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APGA leadership saga: Victor Oye heads for showdown as court reserves judgement for next week

May be committed to prison for contempt of court


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Justice Mohammed Madugu of the Court 40 of the Federal Capital Territory (FCT) High Court sitting in Bwari, Abuja, has reserved his judgement in the matter involving the leadership saga of the All Progressives Grand Alliance (APGA) till next week.

The suit, which was between APGA National Vice Chairman, South West, Otunba Camaru Lateef Ogidan, and Alhaji Mustapha Rabiu, National Welfare Officer of APGA, and the embattled former APGA National Chairman, Chief Victor Ikechukwu Oye, was summed up on Friday.

The case opened with a judgement by Justice Madugu’s verdict over the request by Ikpeazu, SAN, last week to adjourn the matter sine die.

Ikpeazu had informed the Court that they have filed Notice of Appeal to the Court of Appeal in Abuja to strike out the Originating Summons for lack of jurisdiction.

He, thereafter, presented his evidence of Interlocutory Appeal and prayed the judge to defer to the Appeal Court and wait for the superior Court to decide on the matter and asked the court to adjourn sine die while the Notice of Appeal subsists.

Barr. Mike Ajara and Barr. Panam Ntui, Counsels to Otunba Camaru Ogidan and Alhaji Rabiu had countered him, informing the Court that the business of the day was for the Court to attend to the Preliminary Objection of Oye’s Counsel.

He argued his further affidavit on Contempt Charges and told the Court that the two businesses of the day can go on simultaneously.

Ajara, who kicked against Ikpeazu’s request, said that Oye was merely trying to dodge the court, having earlier failed to obtain his prayers at the Bwari Court.

According to Ajara, Oye’s counsel brought in the application in order to tie the hands of the court and to continue to wallow in misbehaviour.

He noted that all the relevant parties subscribed to the powers of the primary court to adjudicate on the matter before flying to the appellate court.

He, therefore, asked the court to decline Oye’s application and continue the hearing.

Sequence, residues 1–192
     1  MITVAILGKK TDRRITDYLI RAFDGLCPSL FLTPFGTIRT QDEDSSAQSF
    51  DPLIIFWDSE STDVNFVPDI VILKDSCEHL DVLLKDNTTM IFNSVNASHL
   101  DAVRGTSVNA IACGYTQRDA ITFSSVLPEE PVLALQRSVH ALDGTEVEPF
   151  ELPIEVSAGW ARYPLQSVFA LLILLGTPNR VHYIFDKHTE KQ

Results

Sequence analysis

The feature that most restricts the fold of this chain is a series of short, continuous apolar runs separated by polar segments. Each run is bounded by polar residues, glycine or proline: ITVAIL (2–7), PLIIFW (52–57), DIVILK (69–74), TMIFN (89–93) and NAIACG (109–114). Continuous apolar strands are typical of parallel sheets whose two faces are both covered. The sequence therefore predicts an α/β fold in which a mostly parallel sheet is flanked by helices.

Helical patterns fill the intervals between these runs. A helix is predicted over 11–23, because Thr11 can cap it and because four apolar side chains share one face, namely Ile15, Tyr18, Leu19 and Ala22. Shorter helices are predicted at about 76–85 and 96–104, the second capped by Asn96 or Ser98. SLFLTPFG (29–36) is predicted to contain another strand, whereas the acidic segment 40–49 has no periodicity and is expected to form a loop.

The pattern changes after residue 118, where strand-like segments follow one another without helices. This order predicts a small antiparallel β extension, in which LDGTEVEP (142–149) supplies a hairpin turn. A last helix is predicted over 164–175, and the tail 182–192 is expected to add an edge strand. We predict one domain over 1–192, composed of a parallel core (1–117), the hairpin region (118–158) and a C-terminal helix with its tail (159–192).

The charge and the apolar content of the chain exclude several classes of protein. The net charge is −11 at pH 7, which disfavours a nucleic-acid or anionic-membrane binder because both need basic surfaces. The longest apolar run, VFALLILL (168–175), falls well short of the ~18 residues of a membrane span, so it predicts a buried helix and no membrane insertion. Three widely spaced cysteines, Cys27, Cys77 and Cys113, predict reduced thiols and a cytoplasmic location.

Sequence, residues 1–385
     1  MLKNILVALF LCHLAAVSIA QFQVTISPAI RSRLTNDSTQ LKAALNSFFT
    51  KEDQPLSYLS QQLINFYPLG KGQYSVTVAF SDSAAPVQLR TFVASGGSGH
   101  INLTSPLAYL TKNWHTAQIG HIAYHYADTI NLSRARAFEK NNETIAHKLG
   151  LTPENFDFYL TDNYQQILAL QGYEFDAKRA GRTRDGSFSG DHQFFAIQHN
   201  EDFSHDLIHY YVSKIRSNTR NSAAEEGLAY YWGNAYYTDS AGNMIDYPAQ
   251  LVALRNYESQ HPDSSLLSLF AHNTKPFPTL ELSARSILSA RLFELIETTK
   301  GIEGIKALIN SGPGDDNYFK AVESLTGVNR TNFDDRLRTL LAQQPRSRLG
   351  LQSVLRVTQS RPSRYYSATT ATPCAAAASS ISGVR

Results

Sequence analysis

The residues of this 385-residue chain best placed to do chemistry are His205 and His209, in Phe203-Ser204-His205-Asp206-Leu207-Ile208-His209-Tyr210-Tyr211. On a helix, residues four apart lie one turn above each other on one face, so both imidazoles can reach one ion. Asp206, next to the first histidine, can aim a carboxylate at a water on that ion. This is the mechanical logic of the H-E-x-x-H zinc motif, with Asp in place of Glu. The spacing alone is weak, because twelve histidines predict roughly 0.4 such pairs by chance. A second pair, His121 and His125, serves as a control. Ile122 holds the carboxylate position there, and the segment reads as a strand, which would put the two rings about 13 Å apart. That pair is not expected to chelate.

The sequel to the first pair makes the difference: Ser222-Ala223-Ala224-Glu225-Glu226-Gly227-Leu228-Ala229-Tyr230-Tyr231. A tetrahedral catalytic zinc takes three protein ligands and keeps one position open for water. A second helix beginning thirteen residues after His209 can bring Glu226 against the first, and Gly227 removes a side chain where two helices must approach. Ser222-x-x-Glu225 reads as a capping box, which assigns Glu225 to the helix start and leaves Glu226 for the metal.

The Judge, thereafter, reserved ruling on the issue of jurisdiction till today, June 2.

In his judgement, Justice Madugu ruled that the court has the jurisdiction and that the show must go on.

As the matter was about to proceed, the lawyer holding brief for Ikpeazu, the lead counsel to Victor Oye, rose and applies for adjournment as the lead counsel was not in court.

Ajara opposed and the court declined the request.

Oye’s counsel then told the court that the tenure of Edozie Njoku, the Supreme Court-affirmed authentic chairman is expired as the Owerri Convention, held on May 31, 2009, that produced him was held four years ago.

He also posited that APGA was not joined in the suit, hence, asked the court to dismiss the suit.

Ogidan’s counsel objected and urged the court to discountenance Oye’s argument.

He stressed that the tenure commenced from the moment Chief Njoku and other members of his National Working Committee (NWC) took oath of office and not from the moment of the Owerri Convention.

Ajara regretted that that is yet to happen as Victor Oye and his cohorts have done virtually everything possible to scuttle the process, leaving the APGA leadership in tatters.

He insisted that the court has the jurisdiction and explained that APGA is not party to the suit because ever since the Supreme Court corrected its judgement and deleted Oye’s name, he has ceased to enjoy any right or privilege from the suit.

According to him, the decision of the Supreme Court is meant to be final and not to be relitigated and that the preliminary objection should be dismissed.

He noted that the Supreme Court deleted Victor Oye’s name “with anger” and substituted it with Njoku’s, adding that all arguments before court were adjudicated at the apex court.

Ajara concluded by saying that the suit is not academic exercise as claimed by Oye’s counsel, rather, that the issues  are germane, and urged the court to pass its verdict.

Oye’s counsel insisted that the claimant was elected on May 31, 2009, and that no oath of office needed to be administered for the tenure to expire.

The judge reserved his judgement till next week and assured the litigants that the date will be communicated to them.

Meanwhile, a member of APGA, who was at the court, told News Band that Victor Oye may be committed to prison over contempt of court.

He pointed out that Oye reportedly held a National Executive Committee (NEC) meeting in Awka, the Anambra State capital, in clear defiance of the Federal High Court order that barred him from doing so.

The Court had ordered Oye to stop parading himself as the National Chairman of the All Progressives Grand Alliance.

It also declared any congress and/or convention held by the former APGA chairman as illegal.

The congress would later produce 38-year-old, Sylvester Ezeokenwa, who was elected on Wednesday, May 31, in Awka, as the party’s national chairman to succeed Victor Oye.

A source told this medium that Oye was goaded on by the Anambra State Governor, Prof. Chukwuma Charlse Soludo, who emerged as the candidate of the party during the state gubernatorial election held in November 2021, from the illegal faction of Victor Oye.

The source further claimed that Governor Soludo influenced the Independent National Electoral Commisssion (INEC) from recognising Chief Njoku as the authentic APGA chairman. Read more.

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